• Establish ZEV purchase targets for governmental agency fleets, explore opportunities for coordinated vehicle and fueling station equipment procurement, work to provide public access to government fleet fueling stations, and include commitments to use ZEVs in state contracts with auto dealers and car rental companies where appropriate;
  • Evaluate the need for, and effectiveness of, monetary incentives to reduce the upfront purchase price of ZEVs as well as non-monetary incentives, such as high occupancy vehicle lane access, reduced tolls, and preferential parking, and pursue these incentives as appropriate;
  • Work to develop uniform standards to promote ZEV consumer acceptance and awareness, industry compliance, and economies of scale, including adopting universal signage, common methods of payment and interoperability of EVSE networks, and reciprocity among states for non-monetary ZEV incentives;
  • Cooperate with vehicle manufacturers, electricity and hydrogen providers, the fueling infrastructure industry, corporate fleet owners, financial institutions, and others to encourage ZEV market growth;
  • Share research and develop a coordinated education and outreach campaign to highlight the benefits of ZEVs, including collaboration with related national and regional initiatives; and
  • Assess and develop potential deployment strategies and infrastructure requirements for the commercialization of hydrogen fuel cell vehicles.

For more information, see the Multi-State ZEV Task Force website.

Petroleum Reduction Initiative

The Petroleum Savings and Independence Advisory Commission (Commission) was established to provide recommendations and monitor programs designed to reduce the state's dependence on petroleum-based fuels in the transportation and heating sectors. Established targets may not provide less than a 30% overall reduction in petroleum consumption from 2007 levels by 2030 and a 50% overall reduction from 2007 levels by 2050. Recommendations will include those related to incentives, plug-in electric vehicle deployment, implementation of a clean fuels standard, and land use planning. The Commission was required to report results and recommendations to the General Assembly by February 2014 and must report on monitoring activities at least every two years. The Commission must also continue to evaluate the state's progress toward meeting petroleum-reduction goals and make recommendations to the General Assembly as necessary. (Reference Rhode Island General Laws 42-140.4)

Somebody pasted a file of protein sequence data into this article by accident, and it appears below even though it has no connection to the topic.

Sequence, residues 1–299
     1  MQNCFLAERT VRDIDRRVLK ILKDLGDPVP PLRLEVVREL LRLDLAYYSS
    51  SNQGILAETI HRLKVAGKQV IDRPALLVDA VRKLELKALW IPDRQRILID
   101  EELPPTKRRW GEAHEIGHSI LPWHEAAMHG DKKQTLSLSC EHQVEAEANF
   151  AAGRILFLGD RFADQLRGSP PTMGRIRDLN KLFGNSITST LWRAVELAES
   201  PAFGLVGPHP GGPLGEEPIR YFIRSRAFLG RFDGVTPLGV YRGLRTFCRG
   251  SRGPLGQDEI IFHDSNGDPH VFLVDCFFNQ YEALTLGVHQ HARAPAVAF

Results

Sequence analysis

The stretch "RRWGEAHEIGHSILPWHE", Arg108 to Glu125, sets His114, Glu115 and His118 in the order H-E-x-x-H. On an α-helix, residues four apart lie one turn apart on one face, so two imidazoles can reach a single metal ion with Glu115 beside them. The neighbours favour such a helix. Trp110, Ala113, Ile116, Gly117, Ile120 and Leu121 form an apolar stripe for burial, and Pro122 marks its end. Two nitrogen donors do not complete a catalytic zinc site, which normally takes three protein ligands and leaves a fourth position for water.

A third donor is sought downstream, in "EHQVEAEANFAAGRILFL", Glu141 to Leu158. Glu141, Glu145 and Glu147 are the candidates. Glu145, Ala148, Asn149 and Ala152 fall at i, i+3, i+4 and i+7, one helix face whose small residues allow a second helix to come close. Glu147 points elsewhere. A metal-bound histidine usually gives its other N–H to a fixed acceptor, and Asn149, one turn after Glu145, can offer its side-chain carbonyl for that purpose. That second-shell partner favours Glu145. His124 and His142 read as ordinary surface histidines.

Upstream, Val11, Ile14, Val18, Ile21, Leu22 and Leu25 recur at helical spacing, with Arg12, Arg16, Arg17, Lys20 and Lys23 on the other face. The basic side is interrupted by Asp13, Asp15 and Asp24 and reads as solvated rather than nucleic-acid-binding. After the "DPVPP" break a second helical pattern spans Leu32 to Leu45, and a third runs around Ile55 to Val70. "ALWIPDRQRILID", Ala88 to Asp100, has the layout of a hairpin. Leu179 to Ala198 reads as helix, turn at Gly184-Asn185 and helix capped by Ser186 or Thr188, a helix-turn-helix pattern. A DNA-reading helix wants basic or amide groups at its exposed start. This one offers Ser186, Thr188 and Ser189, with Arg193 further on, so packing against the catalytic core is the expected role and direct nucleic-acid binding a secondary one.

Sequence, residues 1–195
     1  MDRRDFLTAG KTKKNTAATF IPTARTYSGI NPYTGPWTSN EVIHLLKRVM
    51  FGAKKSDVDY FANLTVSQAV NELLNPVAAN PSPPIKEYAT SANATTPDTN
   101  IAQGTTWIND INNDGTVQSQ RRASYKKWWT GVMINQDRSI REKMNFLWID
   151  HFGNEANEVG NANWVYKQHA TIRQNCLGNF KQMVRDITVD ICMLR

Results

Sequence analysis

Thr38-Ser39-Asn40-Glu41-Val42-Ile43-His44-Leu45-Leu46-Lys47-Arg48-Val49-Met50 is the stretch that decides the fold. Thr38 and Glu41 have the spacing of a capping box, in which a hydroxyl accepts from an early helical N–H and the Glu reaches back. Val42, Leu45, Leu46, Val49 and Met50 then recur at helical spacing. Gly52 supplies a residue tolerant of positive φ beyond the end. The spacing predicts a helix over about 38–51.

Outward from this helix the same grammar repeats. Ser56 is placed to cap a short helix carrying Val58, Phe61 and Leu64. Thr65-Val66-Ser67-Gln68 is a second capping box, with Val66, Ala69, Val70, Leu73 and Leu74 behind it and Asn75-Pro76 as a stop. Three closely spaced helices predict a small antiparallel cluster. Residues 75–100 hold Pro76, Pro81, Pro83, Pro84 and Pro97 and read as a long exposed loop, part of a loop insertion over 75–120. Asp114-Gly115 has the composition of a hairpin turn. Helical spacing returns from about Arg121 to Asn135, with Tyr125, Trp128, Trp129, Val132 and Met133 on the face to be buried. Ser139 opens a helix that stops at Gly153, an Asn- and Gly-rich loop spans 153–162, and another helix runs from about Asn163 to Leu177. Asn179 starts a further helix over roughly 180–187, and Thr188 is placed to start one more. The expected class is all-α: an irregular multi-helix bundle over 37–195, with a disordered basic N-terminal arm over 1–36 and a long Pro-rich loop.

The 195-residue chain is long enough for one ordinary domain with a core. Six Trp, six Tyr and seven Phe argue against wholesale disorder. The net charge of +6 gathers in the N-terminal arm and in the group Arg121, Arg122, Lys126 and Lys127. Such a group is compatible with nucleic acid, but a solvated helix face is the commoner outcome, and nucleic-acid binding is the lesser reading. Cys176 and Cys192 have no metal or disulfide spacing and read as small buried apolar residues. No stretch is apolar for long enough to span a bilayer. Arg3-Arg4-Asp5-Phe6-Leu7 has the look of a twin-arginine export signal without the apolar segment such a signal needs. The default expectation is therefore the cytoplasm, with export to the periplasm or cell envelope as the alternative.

Idle Reduction Requirement

Motor vehicles may not idle unnecessarily for longer than five consecutive minutes during any 60-minute period. This includes heavy-duty diesel vehicles used to perform any state public works contracts. Unnecessary idling does not include circumstances exempted by regulations the Rhode Island Department of Environmental Management (DEM) has adopted, such as when it is necessary to operate heating and cooling equipment to ensure the health or safety of drivers and passengers. Other vehicles exempt from these requirements include, but are not limited to, the following: 1) emergency response, public safety, or military vehicles; 2) armored vehicles being loaded or unloaded; 3) non-road vehicles; and 4) vehicles making deliveries of fuel or energy products. Violators of these regulations will be fined up to $100 for the first offense and up to $500 for each succeeding offense. (Reference Rhode Island General Laws 23-23-29.2 and 31-16.1)

Emissions Control Requirement

Heavy-duty diesel vehicles used to perform federally funded state public works contracts must be powered by engines with Level 3 emissions control devices that are properly operated and maintained. If the Rhode Island Department of Environmental Management determines that no verified Level 3 devices are appropriate on particular engines, Level 2 devices are required. Likewise, if no verified Level 2 devices are appropriate, Level 1 devices are required. Exceptions to this requirement include, but are not limited to, snow removal vehicles and equipment, farm equipment, emergency response vehicles, standby generators, and vehicles used on a project for less than 30 total work days over the life of the project. (Reference Rhode Island General Laws 31-47.3-5)

Low-Speed Vehicle Access to Roadways - Prudence Island

A low-speed vehicle may operate on the roadways of Prudence Island between the hours of 6:00 am and 6:00 pm. A low-speed vehicle may not operate on a street or highway with a posted speed limit greater than 25 miles per hour (mph), but it may cross a street or highway with a posted speed limit greater than 35 mph. For the purpose of this regulation, a low-speed vehicle is defined as a self-propelled, electric or gas powered motor vehicle that is designed to carry no more than four passengers; is designed to be and is operated at speeds of not more than 25 mph; and conforms to the maximum safety equipment requirements and standards specified in Title 49 of the U.S. Code of Federal Regulations, section 571.500. (Reference Rhode Island General Laws 31-19.4-1)